‘It was about some property,’ said Mrs Edmonstone, ‘though I don’t know the rights of it. But the Morvilles were always a fiery, violent race, and the enmity once begun between Sir Hugh and his brother, was kept up, generation after generation, in a most unjustifiable way. Even I can remember when the Morvilles of Redclyffe used to be spoken of in our family like a sort of ogres.’
‘Not undeservedly, I should think,’ said Philip. ‘This poor old man, who is just dead, ran a strange career. Stories of his duels and mad freaks are still extant.’
‘Poor man! I believe he went all lengths,’ said Mrs. Edmonstone.
‘What was the true version of that horrible story about his son?’ said Philip. ‘Did he strike him?’
‘Oh, no! it was bad enough without that.’
‘How?’ asked Laura.
‘He was an only child, and lost his mother early. He was very ill brought up, and was as impetuous and violent as Sir Guy himself, though with much kindliness and generosity. He was only nineteen when he made a runaway marriage with a girl of sixteen, the sister of a violin player, who was at that time in fashion. His father was very much offended, and there was much dreadfully violent conduct on each side. At last, the young man was driven to seek a reconciliation. He brought his wife to Moorworth, and rode to Redclyffe, to have an interview with his father. Unhappily, Sir Guy was giving a dinner to the hunt, and had been drinking. He not only refused to see him, but I am afraid he used shocking language, and said something about bidding him go back to his fiddling brother in-law. The son was waiting in the hall, heard everything, threw himself on his horse, and rushed away in the dark. His forehead struck against the branch of a tree, and he was killed on the spot.’
‘The poor wife?’ asked Amabel, shuddering.
‘She died the next day, when this boy was born.’
‘Frightful!’ said Philip. ‘It might well make a reformation in old Sir Guy.’
‘I have heard that nothing could be more awful than the stillness that fell on that wretched party, even before they knew what had happened—before Colonel Harewood, who had been called aside by the servants, could resolve to come and fetch away the father. No wonder Sir Guy was a changed man from that hour.’
‘It was then that he sent for my father,’ said Philip.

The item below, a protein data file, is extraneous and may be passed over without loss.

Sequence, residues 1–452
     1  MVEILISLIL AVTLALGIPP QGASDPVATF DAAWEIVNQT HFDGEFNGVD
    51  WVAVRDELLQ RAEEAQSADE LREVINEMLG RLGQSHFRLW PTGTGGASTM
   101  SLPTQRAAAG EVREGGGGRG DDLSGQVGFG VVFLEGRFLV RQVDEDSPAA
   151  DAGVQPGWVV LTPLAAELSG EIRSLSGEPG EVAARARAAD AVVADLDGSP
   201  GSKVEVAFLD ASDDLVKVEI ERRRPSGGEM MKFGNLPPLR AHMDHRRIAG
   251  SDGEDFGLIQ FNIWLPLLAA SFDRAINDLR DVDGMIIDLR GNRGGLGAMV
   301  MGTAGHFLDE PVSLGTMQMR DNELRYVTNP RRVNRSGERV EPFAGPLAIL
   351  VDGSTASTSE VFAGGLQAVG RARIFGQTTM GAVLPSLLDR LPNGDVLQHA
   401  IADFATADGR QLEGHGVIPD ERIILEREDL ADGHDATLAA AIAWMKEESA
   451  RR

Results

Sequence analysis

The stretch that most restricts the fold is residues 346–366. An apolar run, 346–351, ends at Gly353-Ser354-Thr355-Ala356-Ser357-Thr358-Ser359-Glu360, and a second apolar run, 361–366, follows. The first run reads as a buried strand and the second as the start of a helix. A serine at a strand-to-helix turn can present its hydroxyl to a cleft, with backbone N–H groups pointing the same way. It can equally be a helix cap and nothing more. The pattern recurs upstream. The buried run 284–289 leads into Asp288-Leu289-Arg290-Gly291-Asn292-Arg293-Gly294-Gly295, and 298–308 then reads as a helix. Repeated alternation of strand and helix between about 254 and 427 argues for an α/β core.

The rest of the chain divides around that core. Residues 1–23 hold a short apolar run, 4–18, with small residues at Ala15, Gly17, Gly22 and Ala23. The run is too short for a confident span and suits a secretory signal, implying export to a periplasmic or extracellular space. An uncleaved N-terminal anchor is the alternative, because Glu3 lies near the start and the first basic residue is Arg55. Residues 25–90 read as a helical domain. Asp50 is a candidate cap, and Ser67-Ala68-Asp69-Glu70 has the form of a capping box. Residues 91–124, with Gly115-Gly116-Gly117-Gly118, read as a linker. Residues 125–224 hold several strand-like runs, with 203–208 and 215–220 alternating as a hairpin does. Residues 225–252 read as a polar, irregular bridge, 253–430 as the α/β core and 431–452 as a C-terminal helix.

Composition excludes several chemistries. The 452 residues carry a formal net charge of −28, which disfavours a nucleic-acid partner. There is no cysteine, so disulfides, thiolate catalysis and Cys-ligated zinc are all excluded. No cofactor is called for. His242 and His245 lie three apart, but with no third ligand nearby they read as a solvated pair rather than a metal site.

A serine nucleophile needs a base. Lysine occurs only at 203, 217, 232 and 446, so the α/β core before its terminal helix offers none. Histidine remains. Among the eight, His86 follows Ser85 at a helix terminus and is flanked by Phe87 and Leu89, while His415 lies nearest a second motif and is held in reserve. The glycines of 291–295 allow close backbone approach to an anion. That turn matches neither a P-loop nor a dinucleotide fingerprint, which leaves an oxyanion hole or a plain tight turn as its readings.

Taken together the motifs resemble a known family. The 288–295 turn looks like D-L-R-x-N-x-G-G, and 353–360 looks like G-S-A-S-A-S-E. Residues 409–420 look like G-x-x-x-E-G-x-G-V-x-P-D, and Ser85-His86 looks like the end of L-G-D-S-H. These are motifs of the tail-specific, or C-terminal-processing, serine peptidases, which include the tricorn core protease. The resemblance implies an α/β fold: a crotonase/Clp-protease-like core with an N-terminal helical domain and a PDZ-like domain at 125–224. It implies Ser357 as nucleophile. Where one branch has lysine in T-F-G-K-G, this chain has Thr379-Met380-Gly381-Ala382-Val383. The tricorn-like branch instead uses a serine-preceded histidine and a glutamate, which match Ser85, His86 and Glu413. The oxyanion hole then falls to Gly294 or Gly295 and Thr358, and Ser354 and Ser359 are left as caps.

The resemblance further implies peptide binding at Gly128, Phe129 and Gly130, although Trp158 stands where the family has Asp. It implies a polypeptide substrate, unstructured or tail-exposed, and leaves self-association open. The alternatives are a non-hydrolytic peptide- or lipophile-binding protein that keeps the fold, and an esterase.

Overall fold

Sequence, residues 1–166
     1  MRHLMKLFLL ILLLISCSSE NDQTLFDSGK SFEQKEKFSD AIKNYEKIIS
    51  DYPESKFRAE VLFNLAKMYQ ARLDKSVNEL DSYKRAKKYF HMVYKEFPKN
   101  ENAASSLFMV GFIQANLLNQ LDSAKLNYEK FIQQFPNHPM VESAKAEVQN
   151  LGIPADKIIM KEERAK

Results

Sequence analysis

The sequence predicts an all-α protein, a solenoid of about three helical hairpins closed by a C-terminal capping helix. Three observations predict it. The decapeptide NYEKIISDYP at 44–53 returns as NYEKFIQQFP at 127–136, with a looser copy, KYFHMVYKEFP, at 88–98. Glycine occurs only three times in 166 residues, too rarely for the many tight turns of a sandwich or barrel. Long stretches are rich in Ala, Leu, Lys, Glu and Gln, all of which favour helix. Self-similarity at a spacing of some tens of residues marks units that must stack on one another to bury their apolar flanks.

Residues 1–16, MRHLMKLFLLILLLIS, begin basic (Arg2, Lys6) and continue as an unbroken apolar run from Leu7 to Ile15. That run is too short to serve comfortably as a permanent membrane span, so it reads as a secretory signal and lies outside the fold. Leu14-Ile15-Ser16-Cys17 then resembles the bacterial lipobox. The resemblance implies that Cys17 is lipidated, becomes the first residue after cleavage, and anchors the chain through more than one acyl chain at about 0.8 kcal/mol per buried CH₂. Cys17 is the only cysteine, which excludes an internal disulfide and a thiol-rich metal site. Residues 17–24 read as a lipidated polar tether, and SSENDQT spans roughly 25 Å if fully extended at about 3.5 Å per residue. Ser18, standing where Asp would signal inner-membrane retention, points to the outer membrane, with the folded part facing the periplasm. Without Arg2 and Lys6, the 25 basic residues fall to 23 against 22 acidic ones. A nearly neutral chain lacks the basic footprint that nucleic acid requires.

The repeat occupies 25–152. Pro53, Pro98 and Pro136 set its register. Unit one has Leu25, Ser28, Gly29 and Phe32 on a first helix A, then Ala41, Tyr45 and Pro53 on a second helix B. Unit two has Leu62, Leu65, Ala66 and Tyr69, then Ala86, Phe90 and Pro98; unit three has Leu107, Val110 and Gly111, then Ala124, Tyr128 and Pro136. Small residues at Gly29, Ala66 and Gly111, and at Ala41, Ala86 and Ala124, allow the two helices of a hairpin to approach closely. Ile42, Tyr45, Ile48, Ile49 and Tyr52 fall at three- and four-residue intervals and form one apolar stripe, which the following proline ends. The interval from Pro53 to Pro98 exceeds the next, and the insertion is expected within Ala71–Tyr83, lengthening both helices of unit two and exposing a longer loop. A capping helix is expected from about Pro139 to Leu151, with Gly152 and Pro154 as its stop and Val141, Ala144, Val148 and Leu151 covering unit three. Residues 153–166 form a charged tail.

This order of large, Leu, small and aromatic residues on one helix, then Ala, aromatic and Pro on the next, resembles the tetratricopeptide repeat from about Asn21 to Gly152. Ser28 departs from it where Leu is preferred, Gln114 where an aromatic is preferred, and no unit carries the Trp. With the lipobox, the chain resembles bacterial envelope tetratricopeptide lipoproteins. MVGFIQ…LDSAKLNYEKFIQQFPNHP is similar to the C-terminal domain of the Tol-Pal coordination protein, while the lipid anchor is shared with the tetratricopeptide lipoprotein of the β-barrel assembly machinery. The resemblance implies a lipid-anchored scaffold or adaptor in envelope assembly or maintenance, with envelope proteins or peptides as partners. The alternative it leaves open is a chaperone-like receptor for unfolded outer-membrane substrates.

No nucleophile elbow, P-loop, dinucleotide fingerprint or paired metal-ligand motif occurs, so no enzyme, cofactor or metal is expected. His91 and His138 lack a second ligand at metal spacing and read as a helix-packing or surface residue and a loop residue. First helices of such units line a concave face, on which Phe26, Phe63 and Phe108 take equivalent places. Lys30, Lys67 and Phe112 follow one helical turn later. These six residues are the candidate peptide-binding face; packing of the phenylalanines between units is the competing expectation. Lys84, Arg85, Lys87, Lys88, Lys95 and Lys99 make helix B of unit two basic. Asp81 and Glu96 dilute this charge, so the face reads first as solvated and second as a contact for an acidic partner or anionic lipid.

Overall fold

‘But what made him think of doing so?’
‘You know Colonel Harewood’s house at Stylehurst? Many years ago, when the St. Mildred’s races used to be so much more in fashion, Sir Guy and Colonel Harewood, and some men of that stamp, took that house amongst them, and used to spend some time there every year, to attend to something about the training of the horses. There were some malpractices of their servants, that did so much harm in the parish, that my brother was obliged to remonstrate. Sir Guy was very angry at first, but behaved better at last than any of the others. I suspect he was struck by my dear brother’s bold, uncompromising ways, for he took to him to a certain degree—and my brother could not help being interested in him, there seemed to be so much goodness in his nature. I saw him once, and never did I meet any one who gave me so much the idea of a finished gentleman. When the poor son was about fourteen, he was with a tutor in the neighbourhood, and used to be a good deal at Stylehurst, and, after the unhappy marriage, my brother happened to meet him in London, heard his story, and tried to bring about a reconciliation.’
‘Ha!’ said Philip; ‘did not they come to Stylehurst? I have a dim recollection of somebody very tall, and a lady who sung.’
‘Yes; your father asked them to stay there, that he might judge of her, and wrote to Sir Guy that she was a little, gentle, childish thing, capable of being moulded to anything, and representing the mischief of leaving them to such society as that of her brother, who was actually maintaining them. That letter was never answered, but about ten days or a fortnight after this terrible accident, Colonel Harewood wrote to entreat my brother to come to Redclyffe, saying poor Sir Guy had eagerly caught at the mention of his name. Of course he went at once, and he told me that he never, in all his experience as a clergyman, saw any one so completely broken down with grief.’
I found a great many of his letters among my father’s papers,’ said Philip; ‘and it was a very touching one that he wrote to me on my father’s death. Those Redclyffe people certainly have great force of character.’
‘And was it then he settled his property on my uncle?’ said Charles.
‘Yes,’ said Mrs. Edmonstone. ‘My brother did not like his doing so, but he would not be at rest till it was settled. It was in vain to put him in mind of his grandchild, for he would not believe it could live; and, indeed, its life hung on a thread. I remember my brother telling me how he went to Moorworth to see it—for it could not be brought home—in hopes of bringing, back a report that might cheer its grandfather, but how he found it so weak and delicate, that he did not dare to try to make him take interest in it. It was not till the child was two or three years old, that Sir Guy ventured to let himself grow fond of it.’